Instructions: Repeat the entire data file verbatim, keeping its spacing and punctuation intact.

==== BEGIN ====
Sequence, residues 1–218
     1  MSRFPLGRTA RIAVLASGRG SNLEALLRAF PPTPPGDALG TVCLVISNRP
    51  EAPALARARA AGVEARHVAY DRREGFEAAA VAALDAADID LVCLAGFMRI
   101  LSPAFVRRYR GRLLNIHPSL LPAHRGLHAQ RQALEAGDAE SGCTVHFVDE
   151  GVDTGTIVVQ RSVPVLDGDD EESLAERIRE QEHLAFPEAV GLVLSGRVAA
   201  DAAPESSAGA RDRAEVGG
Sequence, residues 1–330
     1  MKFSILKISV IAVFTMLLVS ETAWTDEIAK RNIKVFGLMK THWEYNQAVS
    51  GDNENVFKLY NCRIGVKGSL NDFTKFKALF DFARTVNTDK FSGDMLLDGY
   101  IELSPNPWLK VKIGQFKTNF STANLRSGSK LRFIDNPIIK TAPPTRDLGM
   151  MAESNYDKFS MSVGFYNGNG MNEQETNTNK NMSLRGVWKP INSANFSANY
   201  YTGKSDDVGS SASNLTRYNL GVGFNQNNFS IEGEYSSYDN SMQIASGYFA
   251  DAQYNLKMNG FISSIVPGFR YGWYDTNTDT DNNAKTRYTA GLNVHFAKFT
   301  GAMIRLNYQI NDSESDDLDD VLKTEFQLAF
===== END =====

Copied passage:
Sequence, residues 1–218
     1  MSRFPLGRTA RIAVLASGRG SNLEALLRAF PPTPPGDALG TVCLVISNRP
    51  EAPALARARA AGVEARHVAY DRREGFEAAA VAALDAADID LVCLAGFMRI
   101  LSPAFVRRYR GRLLNIHPSL LPAHRGLHAQ RQALEAGDAE SGCTVHFVDE
   151  GVDTGTIVVQ RSVPVLDGDD EESLAERIRE QEHLAFPEAV GLVLSGRVAA
   201  DAAPESSAGA RDRAEVGG
Sequence, residues 1–330
     1  MKFSILKISV IAVFTMLLVS ETAWTDEIAK RNIKVFGLMK THWEYNQAVS
    51  GDNENVFKLY NCRIGVKGSL NDFTKFKALF DFARTVNTDK FSGDMLLDGY
   101  IELSPNPWLK VKIGQFKTNF STANLRSGSK LRFIDNPIIK TAPPTRDLGM
   151  MAESNYDKFS MSVGFYNGNG MNEQETNTNK NMSLRGVWKP INSANFSANY
   201  YTGKSDDVGS SASNLTRYNL GVGFNQNNFS IEGEYSSYDN SMQIASGYFA
   251  DAQYNLKMNG FISSIVPGFR YGWYDTNTDT DNNAKTRYTA GLNVHFAKFT
   301  GAMIRLNYQI NDSESDDLDD VLKTEFQLAF